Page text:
- Open MPI development trunk: The head of Open MPI development will eventually become Open MPI 1.9. We anticipate upstreaming the usNIC transport to the Open MPI trunk within the next week or two.
Q: Is the new Open MPI plugin for generic UD verbs devices?
A: No, it’s specific to usNIC (in fact, the BTL plugin name is “usnic”). We chose this route for two reasons:
- We can add performance optimizations that are specific to Cisco platforms.
- As we extend VIC low-latency/OS-bypass functionality over time, we can add such capabilities without breaking support for other UD-capable hardware.
Q: How is large message fragmentation/reassembly handled?
A: This is handled at two levels:
- The core of Open MPI does some level of fragmentation and reassembly in order to support striping of large messages across multiple network interfaces.
- The usNIC BTL transport handles fragmenting into MTU-sized messages, transmission, re-transmission when necessary, ACKing, and some level of reassembly. A sliding window scheme is used for retransmission; many ideas and tricks were stolen from the corpus of knowledge surrounding efficient TCP.
Q: Is the usNIC BTL plugin NUMA-aware?
A: Absolutely; we live in a NUMA world, after all. I have an entire upcoming blog entry about one of the NUMA optimizations we use in the usNIC BTL. Stay tuned. 🙂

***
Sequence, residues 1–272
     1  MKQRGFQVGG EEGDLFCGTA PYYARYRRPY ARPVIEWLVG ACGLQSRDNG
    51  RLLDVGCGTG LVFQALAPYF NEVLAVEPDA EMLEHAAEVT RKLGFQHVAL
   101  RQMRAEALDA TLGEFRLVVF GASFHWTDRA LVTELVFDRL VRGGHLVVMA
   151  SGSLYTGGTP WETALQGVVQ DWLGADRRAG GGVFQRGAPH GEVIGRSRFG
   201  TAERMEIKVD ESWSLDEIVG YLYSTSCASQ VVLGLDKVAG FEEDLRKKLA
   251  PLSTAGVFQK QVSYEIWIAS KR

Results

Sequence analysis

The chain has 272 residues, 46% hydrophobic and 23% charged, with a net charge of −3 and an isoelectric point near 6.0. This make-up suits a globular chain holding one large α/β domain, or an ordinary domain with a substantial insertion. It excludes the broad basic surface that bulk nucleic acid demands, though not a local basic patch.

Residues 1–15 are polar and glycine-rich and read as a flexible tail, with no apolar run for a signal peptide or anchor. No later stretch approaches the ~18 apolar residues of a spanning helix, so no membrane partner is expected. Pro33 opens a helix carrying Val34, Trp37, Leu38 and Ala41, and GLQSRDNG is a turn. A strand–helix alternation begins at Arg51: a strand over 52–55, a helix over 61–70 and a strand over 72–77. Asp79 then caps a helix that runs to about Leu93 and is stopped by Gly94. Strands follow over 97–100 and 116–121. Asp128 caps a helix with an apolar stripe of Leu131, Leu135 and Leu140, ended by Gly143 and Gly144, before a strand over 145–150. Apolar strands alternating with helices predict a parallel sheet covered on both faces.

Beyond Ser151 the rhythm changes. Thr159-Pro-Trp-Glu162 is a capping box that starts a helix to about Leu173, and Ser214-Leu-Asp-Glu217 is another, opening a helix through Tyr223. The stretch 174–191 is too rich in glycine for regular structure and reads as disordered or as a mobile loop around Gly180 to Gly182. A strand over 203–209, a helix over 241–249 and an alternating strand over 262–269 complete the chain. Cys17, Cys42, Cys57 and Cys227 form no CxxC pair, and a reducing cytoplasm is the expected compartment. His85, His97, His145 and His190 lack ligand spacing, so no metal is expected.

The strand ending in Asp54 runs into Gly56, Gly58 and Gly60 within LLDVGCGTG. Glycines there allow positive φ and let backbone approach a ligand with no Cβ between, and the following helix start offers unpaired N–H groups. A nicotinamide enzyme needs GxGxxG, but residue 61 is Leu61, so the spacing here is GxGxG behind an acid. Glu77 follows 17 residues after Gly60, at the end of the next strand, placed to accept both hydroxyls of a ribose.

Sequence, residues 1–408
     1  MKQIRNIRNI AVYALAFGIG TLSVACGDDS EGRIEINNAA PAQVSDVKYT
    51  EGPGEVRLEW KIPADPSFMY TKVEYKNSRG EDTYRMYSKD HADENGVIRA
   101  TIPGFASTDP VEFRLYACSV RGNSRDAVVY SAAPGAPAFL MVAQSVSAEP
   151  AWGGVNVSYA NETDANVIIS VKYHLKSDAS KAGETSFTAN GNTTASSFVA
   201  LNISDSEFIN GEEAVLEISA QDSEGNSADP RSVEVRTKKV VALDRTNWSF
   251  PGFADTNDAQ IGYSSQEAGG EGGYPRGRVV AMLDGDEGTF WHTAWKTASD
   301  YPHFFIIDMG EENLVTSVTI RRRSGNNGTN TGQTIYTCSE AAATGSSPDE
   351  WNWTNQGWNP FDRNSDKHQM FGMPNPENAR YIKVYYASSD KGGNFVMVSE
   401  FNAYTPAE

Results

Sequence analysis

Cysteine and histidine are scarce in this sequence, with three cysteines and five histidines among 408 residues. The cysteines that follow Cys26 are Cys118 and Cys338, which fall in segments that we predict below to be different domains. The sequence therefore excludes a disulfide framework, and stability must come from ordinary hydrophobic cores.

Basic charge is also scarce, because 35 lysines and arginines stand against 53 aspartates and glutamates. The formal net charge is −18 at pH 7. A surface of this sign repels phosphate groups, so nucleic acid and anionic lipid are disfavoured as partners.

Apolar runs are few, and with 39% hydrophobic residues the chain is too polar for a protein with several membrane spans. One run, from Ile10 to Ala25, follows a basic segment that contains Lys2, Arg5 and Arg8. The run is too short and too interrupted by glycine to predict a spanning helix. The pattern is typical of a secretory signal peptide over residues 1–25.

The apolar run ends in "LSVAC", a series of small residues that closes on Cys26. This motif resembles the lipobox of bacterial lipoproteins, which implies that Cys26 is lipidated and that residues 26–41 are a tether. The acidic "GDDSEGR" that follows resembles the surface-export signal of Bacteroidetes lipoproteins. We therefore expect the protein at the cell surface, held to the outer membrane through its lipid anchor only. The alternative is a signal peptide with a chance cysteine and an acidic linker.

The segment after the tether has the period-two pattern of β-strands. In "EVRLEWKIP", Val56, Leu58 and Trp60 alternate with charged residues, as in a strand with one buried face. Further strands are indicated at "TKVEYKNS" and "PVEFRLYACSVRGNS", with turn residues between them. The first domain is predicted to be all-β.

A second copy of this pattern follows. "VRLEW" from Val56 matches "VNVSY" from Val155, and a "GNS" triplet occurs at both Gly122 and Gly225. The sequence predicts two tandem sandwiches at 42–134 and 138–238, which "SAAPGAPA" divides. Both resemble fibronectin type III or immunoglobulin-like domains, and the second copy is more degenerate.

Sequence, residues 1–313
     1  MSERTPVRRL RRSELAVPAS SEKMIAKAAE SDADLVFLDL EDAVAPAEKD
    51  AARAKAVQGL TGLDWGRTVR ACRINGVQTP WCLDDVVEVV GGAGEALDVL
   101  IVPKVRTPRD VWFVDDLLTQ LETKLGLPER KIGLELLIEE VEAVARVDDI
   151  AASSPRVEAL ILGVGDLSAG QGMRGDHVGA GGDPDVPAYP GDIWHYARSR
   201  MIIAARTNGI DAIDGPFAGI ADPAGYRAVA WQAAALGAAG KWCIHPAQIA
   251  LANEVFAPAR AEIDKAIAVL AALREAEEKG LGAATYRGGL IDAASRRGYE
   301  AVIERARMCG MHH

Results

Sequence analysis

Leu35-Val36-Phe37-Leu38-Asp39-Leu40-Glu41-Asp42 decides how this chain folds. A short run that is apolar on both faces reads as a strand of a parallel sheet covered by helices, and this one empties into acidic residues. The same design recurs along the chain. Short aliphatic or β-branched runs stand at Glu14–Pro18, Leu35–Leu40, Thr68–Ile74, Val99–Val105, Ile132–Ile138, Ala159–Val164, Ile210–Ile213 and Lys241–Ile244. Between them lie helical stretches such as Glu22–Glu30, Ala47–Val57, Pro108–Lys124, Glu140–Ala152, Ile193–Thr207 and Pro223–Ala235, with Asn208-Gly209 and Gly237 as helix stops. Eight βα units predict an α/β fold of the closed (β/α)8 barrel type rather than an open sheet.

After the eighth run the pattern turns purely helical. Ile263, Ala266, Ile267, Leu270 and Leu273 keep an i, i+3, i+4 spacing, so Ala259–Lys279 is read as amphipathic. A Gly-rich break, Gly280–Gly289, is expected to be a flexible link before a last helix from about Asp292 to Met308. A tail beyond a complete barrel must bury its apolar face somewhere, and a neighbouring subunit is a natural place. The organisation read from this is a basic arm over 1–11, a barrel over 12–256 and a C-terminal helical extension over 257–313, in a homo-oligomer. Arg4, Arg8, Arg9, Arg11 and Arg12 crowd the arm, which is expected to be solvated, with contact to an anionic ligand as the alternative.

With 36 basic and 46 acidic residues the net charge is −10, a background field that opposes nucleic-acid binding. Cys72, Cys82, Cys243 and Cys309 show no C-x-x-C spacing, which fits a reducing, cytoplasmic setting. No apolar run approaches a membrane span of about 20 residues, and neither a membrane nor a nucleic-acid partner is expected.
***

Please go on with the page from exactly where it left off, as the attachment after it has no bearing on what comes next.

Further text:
Q: Is there a convenient mechanism to get all of this software?
A: The plan is that all of the above-mentioned software, as well as new usNIC-enabled firmware for the VIC, will be available on cisco.com for Cisco rack servers in August. Support for VICs in blade servers will come a little later (I can’t quote the exact schedule, but suffice it to say that it’s “soon”).
> ”Verbs” is the upstream Linux kernel API for OS-bypass communications.
Thanks Jeff, I just puked on my keyboard. Seriously, since when is Verbs _the_ Linux kernel API for OS-bypass communications ?
I think verbs went upstream on the order of 5-6 years ago…? It really is the only OS-bypass networking API that is upstream. KVM has some interesting possibilities for exposing hardware in an OS-bypass mechanism (even though it’s really intended for virtualization), but that doesn’t provide a common API to doing networky-kinds-of-things.